Home News Canada ‘This is our fight,’ say boxers battling Parkinson’s

‘This is our fight,’ say boxers battling Parkinson’s

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Rock Steady Boxing York Region participants with coach Melissa Tward (front right). (Susan Minuk photo)

For many people, getting to the gym is something they slip into their schedules because they know being fit is an important part of a healthy lifestyle. But for people living with Parkinson’s disease, exercise is vital for maintaining balance, mobility and the activities of daily living many others take for granted.

The boxers at Rock Steady Boxing (RSB) are fighting this disease one jab at a time. The groundbreaking program is designed to improve the quality of life for people battling Parkinson’s, using non-contact, boxing-inspired fitness training. Drills and exercises specifically target the disease’s range of symptoms by focusing on agility, speed, muscular endurance, accuracy, balance, hand-eye co-ordination, footwork and overall strength.

At Rock Steady, the opponent is Parkinson’s disease.

“Parkinson’s is so many things. It’s a neurodegenerative disease that effects everybody and their body differently,” said Melissa Tward, executive director of RSB York Region and a Rock Steady boxing coach. “Everything starts to get small –your steps and your arm movements. What we try to do is create everything big.

“Studies reveal that intense exercise really helps. The beauty of boxing is you let out any frustration on a bag. It’s cathartic. It feels good.”

RSB York Region, which operates its programs in the Schwartz/Reisman Centre, recently marked its first anniversary. To celebrate the completion of participants’ first year, Tward created a book packed with motivation and inspiration written by the boxers.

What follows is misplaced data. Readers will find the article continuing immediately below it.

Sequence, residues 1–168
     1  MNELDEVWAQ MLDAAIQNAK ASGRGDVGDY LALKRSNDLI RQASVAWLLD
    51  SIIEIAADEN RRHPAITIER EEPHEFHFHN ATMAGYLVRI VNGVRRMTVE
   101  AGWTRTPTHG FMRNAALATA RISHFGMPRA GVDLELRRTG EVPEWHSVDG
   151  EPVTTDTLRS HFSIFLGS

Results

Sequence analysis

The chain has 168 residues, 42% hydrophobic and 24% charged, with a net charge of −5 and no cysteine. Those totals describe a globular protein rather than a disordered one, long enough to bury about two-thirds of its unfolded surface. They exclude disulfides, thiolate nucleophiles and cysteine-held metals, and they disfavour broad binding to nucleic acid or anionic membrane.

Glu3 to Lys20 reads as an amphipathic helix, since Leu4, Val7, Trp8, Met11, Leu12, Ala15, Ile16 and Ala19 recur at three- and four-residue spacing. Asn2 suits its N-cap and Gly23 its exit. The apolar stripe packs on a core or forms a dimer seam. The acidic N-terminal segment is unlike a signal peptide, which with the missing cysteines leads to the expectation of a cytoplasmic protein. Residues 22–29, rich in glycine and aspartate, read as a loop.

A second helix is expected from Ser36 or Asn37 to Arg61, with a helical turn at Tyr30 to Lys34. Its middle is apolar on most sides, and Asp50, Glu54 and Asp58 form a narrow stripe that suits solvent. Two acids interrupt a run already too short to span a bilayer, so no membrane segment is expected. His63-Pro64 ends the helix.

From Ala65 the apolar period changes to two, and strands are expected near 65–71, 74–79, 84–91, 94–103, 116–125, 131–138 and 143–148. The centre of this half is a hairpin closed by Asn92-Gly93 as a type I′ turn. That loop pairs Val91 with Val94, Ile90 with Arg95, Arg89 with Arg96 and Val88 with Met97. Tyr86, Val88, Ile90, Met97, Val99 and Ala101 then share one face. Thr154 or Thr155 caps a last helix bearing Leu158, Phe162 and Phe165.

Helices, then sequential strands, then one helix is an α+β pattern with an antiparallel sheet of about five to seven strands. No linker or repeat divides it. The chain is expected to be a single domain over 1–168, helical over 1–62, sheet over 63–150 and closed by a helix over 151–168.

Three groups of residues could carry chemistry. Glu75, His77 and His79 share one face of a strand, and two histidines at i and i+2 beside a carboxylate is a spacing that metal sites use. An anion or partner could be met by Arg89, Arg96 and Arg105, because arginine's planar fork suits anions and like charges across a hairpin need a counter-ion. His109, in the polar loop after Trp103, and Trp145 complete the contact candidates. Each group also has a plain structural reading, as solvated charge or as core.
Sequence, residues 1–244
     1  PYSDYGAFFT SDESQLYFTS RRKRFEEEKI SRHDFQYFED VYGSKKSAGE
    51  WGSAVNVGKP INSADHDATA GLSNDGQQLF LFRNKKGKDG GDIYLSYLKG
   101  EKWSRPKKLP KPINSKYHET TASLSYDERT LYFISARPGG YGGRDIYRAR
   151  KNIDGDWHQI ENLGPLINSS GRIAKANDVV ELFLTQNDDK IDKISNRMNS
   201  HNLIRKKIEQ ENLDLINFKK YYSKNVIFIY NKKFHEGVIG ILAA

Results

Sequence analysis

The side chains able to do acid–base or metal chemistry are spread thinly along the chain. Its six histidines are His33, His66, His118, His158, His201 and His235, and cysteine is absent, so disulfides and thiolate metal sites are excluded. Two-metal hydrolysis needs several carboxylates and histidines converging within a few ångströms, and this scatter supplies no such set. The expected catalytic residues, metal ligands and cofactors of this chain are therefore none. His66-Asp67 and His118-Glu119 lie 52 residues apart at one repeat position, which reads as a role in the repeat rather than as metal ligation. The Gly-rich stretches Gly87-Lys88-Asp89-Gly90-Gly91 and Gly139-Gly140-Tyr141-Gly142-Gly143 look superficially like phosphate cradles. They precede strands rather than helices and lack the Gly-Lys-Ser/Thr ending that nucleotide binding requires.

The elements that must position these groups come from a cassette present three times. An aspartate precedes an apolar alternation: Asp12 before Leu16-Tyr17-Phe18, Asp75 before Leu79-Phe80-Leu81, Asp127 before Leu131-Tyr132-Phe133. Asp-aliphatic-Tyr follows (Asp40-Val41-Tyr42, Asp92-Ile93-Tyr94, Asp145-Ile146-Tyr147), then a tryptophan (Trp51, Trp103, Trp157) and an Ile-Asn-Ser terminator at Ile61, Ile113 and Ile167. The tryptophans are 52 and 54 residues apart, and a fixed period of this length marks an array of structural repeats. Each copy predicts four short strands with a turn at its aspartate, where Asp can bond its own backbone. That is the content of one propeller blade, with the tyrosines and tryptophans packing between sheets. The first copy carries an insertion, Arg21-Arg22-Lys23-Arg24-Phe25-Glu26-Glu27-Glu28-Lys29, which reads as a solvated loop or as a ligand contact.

“I wanted to give them something for their dedication and commitment, so I started collecting class cheers,” she said.

One of the cheers reads, “Rock Steady is our name and boxing is our game. We’re one of a kind with win on our mind. We jab, we hook, we cross and we punch with one aim in mind, and that’s to beat the Parkinson’s into the ground.”

Another states, “North of Highway 7, Melissa did something really bold, starting Rock Steady Boxing has been truly gold. Punching our way to the top, this group will never stop.”

A third affirmation boasts, “We are the Rock Steady Boxing team. We can’t be beat. We got the power to knock Parkinson’s off its feet. Look to your left. Look to your right. These are my friends and this is our fight.”

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Parkinson’s disease is on the rise. According to Parkinson Canada, an estimated 100,000 Canadians have Parkinson’s now, but that number is expected to surpass 160,000 by 2031.

The Rock Steady program was founded in 2006 by former Indiana prosecutor Scott Newman, who was diagnosed with early onset Parkinson’s at the age of 40. Today, Rock Steady Boxing has exploded internationally, including programs in Israel.

Meanwhile, the RSB York Region program has grown from two classes a week to six, with four different levels, depending on the participant’s Parkinson’s advancement and overall fitness.

Everything is about movement. “I begin with a cardio component to get the heart rate up and to get the body loosened,” said Tward. “We form a circle and ask a question of the day. Boxers say their names and their answers loud to strengthen the vocal chords.

Rock Steady boxers working out. (Susan Minuk photo)

“We work on conditioning and drills. I set the room up into stations – from the obstacle course to sequence work with heavy bags, speed bags and double-ended bags. All of this is mostly to challenge their brains,” explained Tward. The class concludes with a cooldown, a Rock Steady cheer, big smiles and jubilant high fives.

Diagnosed with Parkinson’s 10 years ago, Adil, 58, is a regular at Rock Steady. “My fitness level has increased and I am using my memory because of the combination of punches we are given. The group is like a care-and-share. We can talk about where we are on the Parkinson’s journey. Melissa is such a great soul, so positive and always smiling.”

Howard, 71, said the hour-long classes have made a real difference. “Mobility was a problem. I started to find that my arms weren’t swinging. Rock Steady has definitely helped my fitness. What I enjoy most is getting out the aggression.”

Alex, who has been living with Parkinson’s for eight years, said, “I enjoy the exercise and the camaraderie. The time I’m here is about getting fit.”

 

For more information or to book a consultation, contact Melissa Tward at [email protected] or 416-816-4337.